Hosted by the University of Nottingham, the 2016-17 PGR history teacher training series welcomed seventeen postgraduate and early career historians from across the East Midlands, all new to teaching history, for three interactive workshops and a mentoring programme.
The training series was designed with the following aims in mind:
- Provision of more focused, subject-specific training for PGR and early career historians
- Increased opportunities for knowledge exchange, practice-sharing and observation across institutions
- Increased engagement with/application of pedagogical theory and approaches to history teaching
- Enhanced opportunities for mentoring of PGR and early career historians by experienced teachers and academics
- Development of reflective learners/teachers and shared teaching values across EMC institutions through expert mentoring, engagement with pedagogical theory and approaches, and practical assignments
Workshop 1, September 2016
The opening flagship workshop was based around the idea of “historical thinking”, and how history teachers might develop the concepts, ideas and qualities of mind essential to such thinking in their students. Dr Arthur Chapman from the UCL Institute of Education led a plenary discussion of the core concepts of “historical thinking”, asking participants to consider the importance of certain discipline-specific qualities and methods in the teaching and development of historians, as well as the barriers to students’ understanding. Participants discussed the strategies or activities we might make use of (in and outside of the classroom) to help them overcome these barriers and bring them closer to where we want them to be.
The afternoon’s practical sessions asked participants to consider what they were most afraid of before teaching history for the first time. Participants took part in parallel discussions of planning the first class, teaching outside one’s specialism and facing a silent or unresponsive class, chaired by Professor Alan Booth of Loughborough University and Dr Nick Thomas and Dr Joe Merton from the University of Nottingham.
Workshop 2, January 2017
The second workshop focused specifically on the issue of progression; how we might measure our students’ understanding of history and how we might move them onwards in their thinking. The plenary session, led by Dr Gary Mills of the University of Nottingham, asked participants to consider the question, ‘What does it mean to get better at history?’ Participants discussed core readings by Peter Lee, Denis Shemilt and Elisabeth Pickles before modelling specific progression routes for students in a number of different procedural concepts specific to history.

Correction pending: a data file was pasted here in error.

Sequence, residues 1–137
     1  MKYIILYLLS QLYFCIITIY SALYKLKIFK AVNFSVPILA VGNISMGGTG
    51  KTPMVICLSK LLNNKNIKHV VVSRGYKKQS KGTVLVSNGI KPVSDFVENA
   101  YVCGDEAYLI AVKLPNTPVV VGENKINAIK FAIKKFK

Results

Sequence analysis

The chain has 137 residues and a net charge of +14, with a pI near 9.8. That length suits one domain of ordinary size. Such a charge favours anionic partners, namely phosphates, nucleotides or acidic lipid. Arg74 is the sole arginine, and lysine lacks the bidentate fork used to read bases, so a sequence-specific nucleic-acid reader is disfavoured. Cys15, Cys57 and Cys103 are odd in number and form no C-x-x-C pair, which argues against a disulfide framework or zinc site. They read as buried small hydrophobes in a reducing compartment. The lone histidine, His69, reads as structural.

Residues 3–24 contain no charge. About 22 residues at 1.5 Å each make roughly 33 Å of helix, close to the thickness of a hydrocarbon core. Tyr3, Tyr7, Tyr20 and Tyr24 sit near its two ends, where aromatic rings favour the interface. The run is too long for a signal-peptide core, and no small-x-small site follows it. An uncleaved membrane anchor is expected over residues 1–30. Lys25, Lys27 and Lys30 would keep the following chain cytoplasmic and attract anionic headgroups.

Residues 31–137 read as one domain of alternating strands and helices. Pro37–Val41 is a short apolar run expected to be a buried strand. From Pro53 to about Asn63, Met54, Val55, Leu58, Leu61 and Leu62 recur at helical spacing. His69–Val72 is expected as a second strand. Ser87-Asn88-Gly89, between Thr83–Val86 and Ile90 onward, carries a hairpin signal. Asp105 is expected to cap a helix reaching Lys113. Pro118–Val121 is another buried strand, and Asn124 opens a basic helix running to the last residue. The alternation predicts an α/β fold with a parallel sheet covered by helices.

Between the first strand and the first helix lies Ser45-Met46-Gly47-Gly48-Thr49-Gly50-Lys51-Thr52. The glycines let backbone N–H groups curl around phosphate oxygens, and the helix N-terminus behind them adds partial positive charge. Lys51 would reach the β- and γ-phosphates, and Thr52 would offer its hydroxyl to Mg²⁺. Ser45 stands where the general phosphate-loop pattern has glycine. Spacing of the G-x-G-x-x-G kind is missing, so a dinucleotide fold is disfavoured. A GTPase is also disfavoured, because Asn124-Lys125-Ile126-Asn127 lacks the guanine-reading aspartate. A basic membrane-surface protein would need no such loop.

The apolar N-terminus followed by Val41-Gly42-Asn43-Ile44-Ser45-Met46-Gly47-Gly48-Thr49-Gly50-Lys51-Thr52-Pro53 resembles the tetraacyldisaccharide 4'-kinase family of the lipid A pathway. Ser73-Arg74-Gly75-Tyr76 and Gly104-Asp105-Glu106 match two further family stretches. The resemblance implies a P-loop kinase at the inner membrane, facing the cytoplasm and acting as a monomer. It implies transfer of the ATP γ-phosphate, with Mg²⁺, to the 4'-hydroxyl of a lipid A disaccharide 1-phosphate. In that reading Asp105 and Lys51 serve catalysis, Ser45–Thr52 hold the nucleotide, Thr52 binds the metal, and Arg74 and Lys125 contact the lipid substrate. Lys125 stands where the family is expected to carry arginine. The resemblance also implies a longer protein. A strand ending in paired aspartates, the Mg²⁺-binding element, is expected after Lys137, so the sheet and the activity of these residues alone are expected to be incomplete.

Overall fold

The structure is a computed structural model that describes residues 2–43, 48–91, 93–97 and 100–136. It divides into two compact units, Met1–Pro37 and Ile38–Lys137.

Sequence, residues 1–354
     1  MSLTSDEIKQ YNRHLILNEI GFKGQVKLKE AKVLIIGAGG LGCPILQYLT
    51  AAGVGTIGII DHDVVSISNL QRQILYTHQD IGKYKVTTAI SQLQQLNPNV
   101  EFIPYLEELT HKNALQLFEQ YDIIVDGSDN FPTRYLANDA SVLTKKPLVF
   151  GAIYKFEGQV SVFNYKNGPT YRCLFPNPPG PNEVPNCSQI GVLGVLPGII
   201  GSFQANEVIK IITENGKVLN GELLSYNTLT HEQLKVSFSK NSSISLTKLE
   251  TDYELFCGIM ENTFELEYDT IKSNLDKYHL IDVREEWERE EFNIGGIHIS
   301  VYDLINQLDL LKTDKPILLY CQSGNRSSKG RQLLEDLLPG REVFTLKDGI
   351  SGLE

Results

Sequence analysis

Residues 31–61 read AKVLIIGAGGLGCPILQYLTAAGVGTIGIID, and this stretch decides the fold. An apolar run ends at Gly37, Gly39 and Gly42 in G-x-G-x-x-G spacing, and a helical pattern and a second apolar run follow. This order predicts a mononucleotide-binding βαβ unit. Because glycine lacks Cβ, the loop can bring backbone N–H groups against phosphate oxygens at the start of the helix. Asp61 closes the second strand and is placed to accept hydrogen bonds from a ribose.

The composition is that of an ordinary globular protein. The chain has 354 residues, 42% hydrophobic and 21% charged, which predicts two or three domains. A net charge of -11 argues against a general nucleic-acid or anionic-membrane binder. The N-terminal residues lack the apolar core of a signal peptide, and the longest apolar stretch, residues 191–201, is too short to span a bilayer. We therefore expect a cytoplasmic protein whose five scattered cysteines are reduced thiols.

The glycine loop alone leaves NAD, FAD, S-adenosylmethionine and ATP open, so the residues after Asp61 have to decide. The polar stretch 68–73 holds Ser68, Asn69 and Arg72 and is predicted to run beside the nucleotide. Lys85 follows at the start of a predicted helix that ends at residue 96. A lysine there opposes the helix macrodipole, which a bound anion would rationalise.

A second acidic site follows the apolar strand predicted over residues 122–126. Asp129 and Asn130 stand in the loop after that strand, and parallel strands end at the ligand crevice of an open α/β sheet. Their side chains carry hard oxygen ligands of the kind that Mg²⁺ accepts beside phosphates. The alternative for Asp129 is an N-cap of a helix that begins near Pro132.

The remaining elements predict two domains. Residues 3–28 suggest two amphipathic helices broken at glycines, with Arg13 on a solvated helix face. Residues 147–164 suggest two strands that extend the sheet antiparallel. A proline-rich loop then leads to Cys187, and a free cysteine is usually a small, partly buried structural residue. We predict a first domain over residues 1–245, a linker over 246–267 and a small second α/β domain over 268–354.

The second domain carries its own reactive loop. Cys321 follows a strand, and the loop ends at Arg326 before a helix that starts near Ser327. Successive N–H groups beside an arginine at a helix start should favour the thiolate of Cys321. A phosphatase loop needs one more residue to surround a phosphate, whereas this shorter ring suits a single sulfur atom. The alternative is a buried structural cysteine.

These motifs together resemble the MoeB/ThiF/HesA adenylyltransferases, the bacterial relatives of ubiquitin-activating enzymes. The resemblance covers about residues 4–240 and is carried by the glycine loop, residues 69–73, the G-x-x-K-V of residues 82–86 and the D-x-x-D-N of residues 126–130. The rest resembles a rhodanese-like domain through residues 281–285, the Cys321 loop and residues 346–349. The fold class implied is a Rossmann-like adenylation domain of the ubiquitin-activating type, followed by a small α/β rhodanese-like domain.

Workshop 3, June 2017
The final workshop, led by Dr Arthur Chapman and Dr Joe Merton, asked students to reflect on their experiences of teaching history for the first time. Discussing specific procedural concepts such as change and continuity, evidence, historical interpretations and significance, participants explained how they had engaged with those concepts over the year and integrated them within their teaching. They also discussed students’ engagement with these core concepts, and the strategies they had used as teachers to help students progress in their understanding of them.
A year-long mentoring programme ran alongside the three workshops. Participants were paired with experienced mentors from various East Midlands institutions – each different to their own – for one-on-one discussions and mentoring meetings across the year, and asked to write reflections on their early experiences of teaching history at university. It was hoped that the mentoring would enable participants to reflect independently on their practice, experience different perspectives of teaching history, and discuss their experiences of teaching in a supportive and inclusive environment.
Reflections from PGRs